Giving Compass' Take:
- Vu Le shares seven guiding questions for organizations struggling to diversify and successfully make DEI shifts.
- Are these barriers holding your organization back? How can you make the necessary shifts to diversify your organization?
- Read about taking DEI efforts remote.
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For years people have been asking how to diversify their orgs. This is discouraging. We’ve had endless DEI workshops, various “white papers” and articles, and at least one puppet show. What the heck is going on? Why do we suck so much at diversifying?
Maybe we’ve been going about it all wrong. Whenever people ask me the above question, they tend to want some action-oriented answers such as “publicize job postings in ethnic media,” “provide childcare and transportation for board meetings,” “have a clear equity and diversity statement,” “provide more than just hummus, baby carrots, and a few cans of La Croix at meetings, especially if it’s around dinner time!” etc. These technical things are necessary but they’re not sufficient. Diversity is complex, and making a few technical changes is not going to cut it. If you’ve been having trouble diversifying your board, staff, fundraising committee, conference planning team, or whatever, here are a few things to reflect on, based on conversations I’ve had with colleagues from various diverse backgrounds:
1. Are you still operating in a very white moderate way? A lot of people are tired of the same old white moderate way that most nonprofits and foundations continue to operate in. A quick scan of your website and social media will reveal whether your organization is still grounded in “civility” and “getting along” rather than radical change.
2. What indications exist that you’re serious about equity? People of color can tell when we’re being tokenized, as well as when you’re just talking a good game. For instance, you have a DEI committee, but the ED/CEO is not an active member of it.
3. What barriers are you putting into place that you may not even be aware of? As I wrote about earlier, our default board model with its archaic philosophies such as “100% board giving” is deeply problematic and unconsciously discourages people of color and others who are not rich white donors from joining.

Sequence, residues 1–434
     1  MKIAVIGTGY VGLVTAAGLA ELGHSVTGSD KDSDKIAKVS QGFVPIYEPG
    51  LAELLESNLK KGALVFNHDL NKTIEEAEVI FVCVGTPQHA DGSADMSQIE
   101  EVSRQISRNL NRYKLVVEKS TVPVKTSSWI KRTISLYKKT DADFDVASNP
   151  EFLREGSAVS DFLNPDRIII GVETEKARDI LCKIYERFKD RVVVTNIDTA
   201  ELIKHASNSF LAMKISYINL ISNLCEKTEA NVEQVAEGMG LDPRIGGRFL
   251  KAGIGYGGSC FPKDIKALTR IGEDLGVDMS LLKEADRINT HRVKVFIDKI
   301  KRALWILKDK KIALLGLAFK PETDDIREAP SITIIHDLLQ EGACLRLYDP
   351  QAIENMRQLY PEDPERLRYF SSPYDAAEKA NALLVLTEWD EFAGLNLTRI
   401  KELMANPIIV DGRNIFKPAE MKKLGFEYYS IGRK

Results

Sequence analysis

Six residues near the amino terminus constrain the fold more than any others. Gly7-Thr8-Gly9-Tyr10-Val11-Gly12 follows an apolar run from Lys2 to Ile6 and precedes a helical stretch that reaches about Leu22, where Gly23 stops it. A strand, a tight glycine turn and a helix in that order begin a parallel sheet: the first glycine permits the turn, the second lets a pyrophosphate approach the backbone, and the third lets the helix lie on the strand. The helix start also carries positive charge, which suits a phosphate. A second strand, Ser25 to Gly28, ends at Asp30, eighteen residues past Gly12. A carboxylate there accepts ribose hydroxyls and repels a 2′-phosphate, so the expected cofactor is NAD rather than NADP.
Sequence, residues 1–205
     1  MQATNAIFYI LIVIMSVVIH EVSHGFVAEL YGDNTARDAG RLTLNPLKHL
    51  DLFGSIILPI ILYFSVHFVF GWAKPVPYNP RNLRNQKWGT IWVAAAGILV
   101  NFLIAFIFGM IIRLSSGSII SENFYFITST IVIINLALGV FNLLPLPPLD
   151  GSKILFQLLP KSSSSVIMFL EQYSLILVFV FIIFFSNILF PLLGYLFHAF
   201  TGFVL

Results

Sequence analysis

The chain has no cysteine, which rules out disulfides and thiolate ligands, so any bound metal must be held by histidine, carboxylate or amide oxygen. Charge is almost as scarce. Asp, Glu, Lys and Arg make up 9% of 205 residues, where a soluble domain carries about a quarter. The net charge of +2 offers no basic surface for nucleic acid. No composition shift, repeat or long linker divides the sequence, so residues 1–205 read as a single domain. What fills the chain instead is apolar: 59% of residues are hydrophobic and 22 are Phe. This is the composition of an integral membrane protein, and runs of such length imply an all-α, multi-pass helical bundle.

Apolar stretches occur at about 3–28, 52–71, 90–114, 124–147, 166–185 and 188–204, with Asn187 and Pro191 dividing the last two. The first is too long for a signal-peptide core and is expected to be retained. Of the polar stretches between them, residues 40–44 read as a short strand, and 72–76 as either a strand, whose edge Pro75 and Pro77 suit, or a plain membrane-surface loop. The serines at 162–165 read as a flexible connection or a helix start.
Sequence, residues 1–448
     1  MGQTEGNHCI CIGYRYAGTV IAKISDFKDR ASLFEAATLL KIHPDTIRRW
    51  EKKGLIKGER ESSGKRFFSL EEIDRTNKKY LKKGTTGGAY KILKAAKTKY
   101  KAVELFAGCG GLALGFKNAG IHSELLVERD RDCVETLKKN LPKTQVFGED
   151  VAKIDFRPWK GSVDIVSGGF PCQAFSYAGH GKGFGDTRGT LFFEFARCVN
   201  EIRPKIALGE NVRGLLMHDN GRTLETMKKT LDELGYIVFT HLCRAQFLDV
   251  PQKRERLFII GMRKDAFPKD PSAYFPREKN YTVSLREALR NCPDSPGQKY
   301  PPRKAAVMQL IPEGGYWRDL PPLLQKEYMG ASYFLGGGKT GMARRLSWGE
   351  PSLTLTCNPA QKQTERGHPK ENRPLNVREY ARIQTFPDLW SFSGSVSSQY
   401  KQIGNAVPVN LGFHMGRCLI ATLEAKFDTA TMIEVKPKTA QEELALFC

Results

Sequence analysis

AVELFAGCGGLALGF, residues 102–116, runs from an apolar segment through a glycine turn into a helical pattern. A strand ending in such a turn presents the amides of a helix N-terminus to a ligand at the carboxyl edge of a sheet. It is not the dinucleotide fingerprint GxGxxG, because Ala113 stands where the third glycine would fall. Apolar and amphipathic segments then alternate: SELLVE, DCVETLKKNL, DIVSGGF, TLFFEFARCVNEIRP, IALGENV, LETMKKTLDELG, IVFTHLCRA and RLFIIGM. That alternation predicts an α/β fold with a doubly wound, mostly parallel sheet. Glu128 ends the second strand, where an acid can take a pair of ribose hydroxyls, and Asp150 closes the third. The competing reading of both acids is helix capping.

4. How transparent and authentic are you in your approach? A challenge that many white-led organizations face is the Diversity Chicken And Egg Paradox: People of color don’t want to work in a place that’s mostly white, but if they won’t work there, then how will this place be less white? How do we break out of this Catch-22? You can start by being honest about the challenges you’re having and the goals you’re trying to accomplish.
5. Are you open to reimagination and experimentation? If you want diversity, be aware that many of us from marginalized communities are tired of the same old philosophies and practices we’ve all inherited from rich white people hundreds of years ago. If your organization, especially its leadership, is not open to imagining and trying new stuff we’ll be pushing, you may have trouble diversifying.
6. Who do you have currently who needs to go or be removed? We tend to focus on who we should add to diversify our teams, when the reality is that more time needs to be spent figuring out who needs to go.
7. Are the “diverse” people you currently have aligned with equity? Black, Indigenous, AAPI, Latinx, disabled, LGBTQIA+ people are not monolithic. We have a right to hold differing opinions and perspectives. What that means though is that just because you have some “diversity,” does not mean folks are aligned in values and approach.
Read the full article about DEI barriers by Vu Le at Nonprofit AF.